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Just a thought - The cost of Labour Day

 

Labour Day was instigated to celebrate the acceptance of the eight-hour working day. New Zealand workers were among the first in the world to claim this right when, in 1840, the carpenter Samuel Parnell won an eight-hour day in Wellington.

Labour Day was first celebrated in New Zealand on 28 October 1890, when several thousand trade union members and sup-porters attended parades in the main cen-tres. Government employees were given the day off to attend the parades and marched behind colourful banners and ornate floats, and the parades were followed by popular picnics and sports events and many busi-nesses closed for at least part of the day

These parades also had a political pur-pose. Although workers in some industries had long enjoyed an eight-hour day, it was not a legal entitlement.

What the Liberals did do was make La-bour Day a holiday. The Labour Day Act of 1899 created a statutory public holiday on the second Wednesday in October, first cel-ebrated in 1900. The holiday was 'Monday-ised' in 1910, and since then it has been held on the fourth Monday in October.

However the true significance has been long lost and Labour Day has become, not unlike Waitangi Day, for most just another ‘day off’ though ‘labour’ still forms a large part of weekend activity according to ACC figures. Nowadays this is a weekend of se-rious sport for some and serious gardening and spring cleaning for others incurring an awful lot of injuries and subsequent claims.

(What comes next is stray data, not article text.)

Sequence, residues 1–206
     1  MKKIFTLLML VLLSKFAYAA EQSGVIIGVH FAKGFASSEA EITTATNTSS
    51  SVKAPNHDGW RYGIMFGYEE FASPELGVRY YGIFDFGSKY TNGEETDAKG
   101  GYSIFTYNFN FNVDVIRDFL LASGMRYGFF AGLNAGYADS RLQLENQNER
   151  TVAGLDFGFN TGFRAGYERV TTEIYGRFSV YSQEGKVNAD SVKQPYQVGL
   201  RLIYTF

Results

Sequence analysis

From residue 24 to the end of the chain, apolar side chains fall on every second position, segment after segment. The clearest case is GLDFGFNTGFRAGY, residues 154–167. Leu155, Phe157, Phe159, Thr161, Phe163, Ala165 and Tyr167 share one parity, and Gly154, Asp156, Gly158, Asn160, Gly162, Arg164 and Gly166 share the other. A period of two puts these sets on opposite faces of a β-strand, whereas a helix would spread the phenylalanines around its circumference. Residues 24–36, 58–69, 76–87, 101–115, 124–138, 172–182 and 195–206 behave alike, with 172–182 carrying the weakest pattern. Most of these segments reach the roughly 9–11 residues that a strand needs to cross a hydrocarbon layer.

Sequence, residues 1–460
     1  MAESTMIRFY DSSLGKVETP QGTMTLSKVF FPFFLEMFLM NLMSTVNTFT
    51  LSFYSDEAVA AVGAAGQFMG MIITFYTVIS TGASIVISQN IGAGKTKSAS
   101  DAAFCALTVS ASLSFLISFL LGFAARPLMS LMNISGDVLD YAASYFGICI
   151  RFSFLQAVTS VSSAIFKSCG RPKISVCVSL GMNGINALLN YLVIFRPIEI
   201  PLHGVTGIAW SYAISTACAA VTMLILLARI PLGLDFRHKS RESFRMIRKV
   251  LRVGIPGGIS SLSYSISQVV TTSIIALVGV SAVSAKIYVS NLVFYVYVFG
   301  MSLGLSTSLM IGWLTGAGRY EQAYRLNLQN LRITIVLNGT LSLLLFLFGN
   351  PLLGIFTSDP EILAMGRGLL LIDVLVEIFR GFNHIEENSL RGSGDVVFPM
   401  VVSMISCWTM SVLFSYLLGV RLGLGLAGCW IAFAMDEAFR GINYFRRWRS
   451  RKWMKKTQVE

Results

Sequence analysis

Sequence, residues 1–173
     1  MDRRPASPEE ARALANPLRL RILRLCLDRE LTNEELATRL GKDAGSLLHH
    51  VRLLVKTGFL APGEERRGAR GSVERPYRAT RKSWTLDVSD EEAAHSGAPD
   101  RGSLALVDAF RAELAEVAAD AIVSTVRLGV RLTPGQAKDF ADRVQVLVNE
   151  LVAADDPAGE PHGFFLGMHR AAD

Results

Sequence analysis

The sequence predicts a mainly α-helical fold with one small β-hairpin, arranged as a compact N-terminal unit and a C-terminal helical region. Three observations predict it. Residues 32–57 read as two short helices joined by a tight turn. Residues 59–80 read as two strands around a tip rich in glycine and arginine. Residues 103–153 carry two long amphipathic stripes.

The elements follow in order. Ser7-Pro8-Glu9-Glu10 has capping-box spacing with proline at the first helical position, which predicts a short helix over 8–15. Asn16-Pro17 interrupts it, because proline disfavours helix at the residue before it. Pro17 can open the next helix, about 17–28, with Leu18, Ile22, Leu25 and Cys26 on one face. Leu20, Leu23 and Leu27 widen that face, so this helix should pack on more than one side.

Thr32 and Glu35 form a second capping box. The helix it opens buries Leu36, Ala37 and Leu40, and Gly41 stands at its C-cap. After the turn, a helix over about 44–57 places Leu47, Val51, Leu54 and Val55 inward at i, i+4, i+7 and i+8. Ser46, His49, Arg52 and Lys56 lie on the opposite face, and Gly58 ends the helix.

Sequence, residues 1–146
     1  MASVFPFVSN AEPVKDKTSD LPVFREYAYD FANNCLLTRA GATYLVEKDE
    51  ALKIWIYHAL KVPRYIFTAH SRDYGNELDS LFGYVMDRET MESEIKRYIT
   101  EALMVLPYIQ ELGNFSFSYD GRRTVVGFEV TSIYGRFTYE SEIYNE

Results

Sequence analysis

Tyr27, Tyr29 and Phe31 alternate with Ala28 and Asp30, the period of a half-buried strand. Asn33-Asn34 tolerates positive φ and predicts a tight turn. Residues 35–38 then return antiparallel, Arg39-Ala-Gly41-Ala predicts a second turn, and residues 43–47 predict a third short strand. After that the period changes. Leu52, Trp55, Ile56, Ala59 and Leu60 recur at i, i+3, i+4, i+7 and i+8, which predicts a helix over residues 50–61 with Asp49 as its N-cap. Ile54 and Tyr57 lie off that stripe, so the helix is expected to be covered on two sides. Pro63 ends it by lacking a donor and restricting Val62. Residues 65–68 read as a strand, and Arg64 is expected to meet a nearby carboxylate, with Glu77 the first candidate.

Following Labour Weekend last year there was a total of 15,470 claims costing more than $11.2 million to date. The biggest cause of home injuries is falls, which ac-count for around 40 percent. About 45 per-

cent of falls happen to "working age" people, those aged 20 to 64.

Most of the tens of thousands of ACC claims over the long weekends were because of sporting accidents, as well as the likes of sprains, strains, cuts, stings, and burns. The most common causes of accidents are lift-ing, lowering, loading and unloading, walk-ing, running, and children playing.

Last Labour Weekend 97 trampoline ac-cidents were recorded – the highest for any long weekend. Ninety claims were made for lawnmower accidents followed by 22 inju-ries due to hammers alone, testament to our DIY ability, and closely followed by cooking and barbecue-related accidents.

Isn’t it ironic that the very day which was introduced to curtail overwork now forms part of our most accident-prone weekend of the year.

By Rob Pooley
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